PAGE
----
• Poor Road ConditionsCost Californian’s $13.9 B Annually$586 per MotoristContribute to More than One-Half of US Highway Fatalities:More than Drunk Driving, Speeding or Failing to use Seat Belts
  • Population will Grow from 38 MM to 44 MM by 2020 VMT is growing 10 times faster than lane miles. - Governor’s 2006 Strategic Growth Plan Truck freight is expected to increase 75% by 2035. - Statewide Transportation Needs Assessment 2011
  • Funding Will Collapse in 2013
  • Changes in technology have caused fuel taxes to grow slower than the amount of vehicle miles traveled and population growth. Two factors are prominent in this dilemma: Increasing fuel economy of newer cars is causing less fuel to be consumed per mile of travel and, hence, less fuel tax collected per mile. Increasing use of alternative fuels, such as methanol and compressed natural gas, which are not taxed as much as gasoline or diesel fuel. Increasing use of hybrid and electric vehicles will have the same effect. Additionally, with state budget issues, transportation revenues are being diverted to backfill other areas.
  • 19 of 58 counties are self-help counties in California. These counties represent 81 percent or 30 million persons in California. Local funding through sales tax measure provides opportunities to Jump start projects Leverages state and federal money Increases local control and flexibility Connects public action with direct benefits Measure M2 is expected to raise $15 billion during the life of the program

Market Outlook Presentation Transcript

  • 1. Market Outlook State Transportation ProgramAGC – CLC Working WeekendWill Kempton, CEOJanuary 25, 2012
  • 2. History of Funding• Proposition 111 (1990) o Last gas tax increase• Proposition 108 (1990) o $1 billion bond for rail capital expenditures• Proposition 116 (1990) o $1.99 billion bond for passenger and commuter rail• Proposition 42 (2002) o Gasoline sales tax used for transportation purposes 2
  • 3. History of Funding contd.• Traffic Congestion Relief Act (2000) o $4.91 billion for specific projects• Proposition 1B (2006) o $19.93 billion bonds for transportation projects• Proposition 1A (2008) o $9.95 billion for High-Speed Rail• ARRA (2009) o $48.1 billion for transportation infrastructure 3
  • 4. SB 45 (1997)• Changed how projects were programmed into the State Transportation Improvement Program(STIP)• Required 75% of funds go to the Regional Transportation Improvement Program (RTIP)• Expanded regional control and accountability 4
  • 5. Transportation Revenue Sources 1990 - $8 billion Local 50% 50% State & Federal 5
  • 6. Transportation Revenue Sources 2011 – $305 billion 11% 15% Local State Federal 74% * 2011 SCAG Revenue Model 6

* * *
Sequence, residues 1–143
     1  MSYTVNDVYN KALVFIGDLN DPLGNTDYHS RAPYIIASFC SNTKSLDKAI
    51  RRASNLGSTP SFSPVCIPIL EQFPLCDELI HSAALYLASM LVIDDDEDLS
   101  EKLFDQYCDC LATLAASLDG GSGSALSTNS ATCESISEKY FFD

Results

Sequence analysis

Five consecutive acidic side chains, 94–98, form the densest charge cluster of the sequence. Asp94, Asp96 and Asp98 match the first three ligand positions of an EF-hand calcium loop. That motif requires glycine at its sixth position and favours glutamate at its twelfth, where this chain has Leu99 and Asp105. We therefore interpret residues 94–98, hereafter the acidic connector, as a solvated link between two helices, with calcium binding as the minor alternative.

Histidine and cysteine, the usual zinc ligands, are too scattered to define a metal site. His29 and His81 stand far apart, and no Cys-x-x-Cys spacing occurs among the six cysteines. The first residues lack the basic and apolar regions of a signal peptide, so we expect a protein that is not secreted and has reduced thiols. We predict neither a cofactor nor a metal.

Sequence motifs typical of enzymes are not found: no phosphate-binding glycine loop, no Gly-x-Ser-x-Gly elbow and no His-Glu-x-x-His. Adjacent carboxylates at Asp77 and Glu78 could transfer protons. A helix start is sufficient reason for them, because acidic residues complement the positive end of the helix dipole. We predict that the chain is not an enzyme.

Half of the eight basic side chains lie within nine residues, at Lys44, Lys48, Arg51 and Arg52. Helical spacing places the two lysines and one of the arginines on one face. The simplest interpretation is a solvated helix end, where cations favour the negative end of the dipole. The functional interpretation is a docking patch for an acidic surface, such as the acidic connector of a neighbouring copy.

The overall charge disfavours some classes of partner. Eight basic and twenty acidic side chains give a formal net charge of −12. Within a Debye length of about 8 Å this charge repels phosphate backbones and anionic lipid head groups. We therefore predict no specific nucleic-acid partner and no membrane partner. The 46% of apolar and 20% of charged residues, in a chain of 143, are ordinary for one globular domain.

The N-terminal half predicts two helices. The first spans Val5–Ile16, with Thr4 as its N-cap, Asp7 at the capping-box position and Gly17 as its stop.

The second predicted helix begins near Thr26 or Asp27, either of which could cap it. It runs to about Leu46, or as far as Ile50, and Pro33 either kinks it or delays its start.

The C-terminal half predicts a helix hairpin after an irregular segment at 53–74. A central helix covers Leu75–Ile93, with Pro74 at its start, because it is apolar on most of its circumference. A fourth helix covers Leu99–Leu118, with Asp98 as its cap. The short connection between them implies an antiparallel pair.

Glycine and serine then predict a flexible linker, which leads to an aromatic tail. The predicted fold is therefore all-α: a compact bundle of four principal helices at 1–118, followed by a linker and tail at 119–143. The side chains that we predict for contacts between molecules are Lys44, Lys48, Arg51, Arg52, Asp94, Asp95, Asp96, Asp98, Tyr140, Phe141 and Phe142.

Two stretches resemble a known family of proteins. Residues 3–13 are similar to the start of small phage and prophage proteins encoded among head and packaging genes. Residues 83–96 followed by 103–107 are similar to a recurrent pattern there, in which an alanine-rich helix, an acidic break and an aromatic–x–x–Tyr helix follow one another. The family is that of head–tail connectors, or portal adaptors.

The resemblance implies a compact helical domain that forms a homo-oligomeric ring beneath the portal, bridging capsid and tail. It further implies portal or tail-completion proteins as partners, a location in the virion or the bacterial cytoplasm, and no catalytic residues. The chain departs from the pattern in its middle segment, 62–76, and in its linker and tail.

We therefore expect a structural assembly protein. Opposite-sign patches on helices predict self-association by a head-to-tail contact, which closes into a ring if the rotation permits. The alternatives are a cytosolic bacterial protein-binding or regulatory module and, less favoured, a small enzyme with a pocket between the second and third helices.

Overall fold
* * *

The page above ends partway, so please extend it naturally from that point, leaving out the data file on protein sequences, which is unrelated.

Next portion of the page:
• 7. 7
  • 8. Statewide Transportation System NeedsAssessment 2011 “California’s transportation system is in jeopardy. Underfunding – decade after decade – has led to the decay of one of the State’s greatest assets.” - California Transportation Commission 2011 8
  • 9. Neglected Improvements are Staggering California’s unfunded needs are $295 billion through 2021. - California Transportation Commission Statewide Transportation Needs Assessment 2011 9
  • 10. Caltrans Maintenance Needs are Growing - Legislative Analyst’s Office, 2011 10
  • 11. Infrastructure Report CardCALIFORNIA• Pavement: o 58% of California’s Roadways Require Rehabilitation or Pavement Maintenance• Bridges: o 20% Require Major Maintenance or Preventative Work o 6% Require Complete Replacement - Statewide Transportation Needs Assessment 2011 11
  • 12. Infrastructure Report CardCALIFORNIA• 6 of the Nation’s 10 Worst Urban Area Pavement Conditions• 14 of the Nation’s 20 Most Congested Transportation Corridors• 66% of California’s Major Urban Highways are Congested - Texas Transportation Institute 12
  • 13. Poor Road Conditions• Cost Californian’s $13.9 Billion Annually o $586 per Motorist• Contribute to More than One-Half of US Highway Fatalities: o More than Drunk Driving, Speeding or Failing to use Seat Belts - TRIP 13
  • 14. Population will Grow from 38 MM to 44 MMby 2020 VMT is growing 10 times faster than lane miles. - Governor’s 2006 Strategic Growth Plan Truck freight is expected to increase 75% by 2035. - Statewide Transportation Needs Assessment 2011 14
  • 15. Funding Will Collapse in 2013 15
  • 16. Our Current Challenges• Decline of gas tax revenues and purchasing power• Diversion of transportation revenues• Lack of state and federal solutions 16
  • 17. Develop Local Solutions• Local funding: o Jump start projects o Leverages state and federal money o Increases local control and flexibility o Connects public action with direct benefits• Measure M2 passed by 70% margin 17
  • 18. Develop State Solutions• Public-Private Partnerships• Vehicle License Fee• Fuel User Fee• Cap & Trade• Infrastructure Bond• VMT• Voter Threshold 18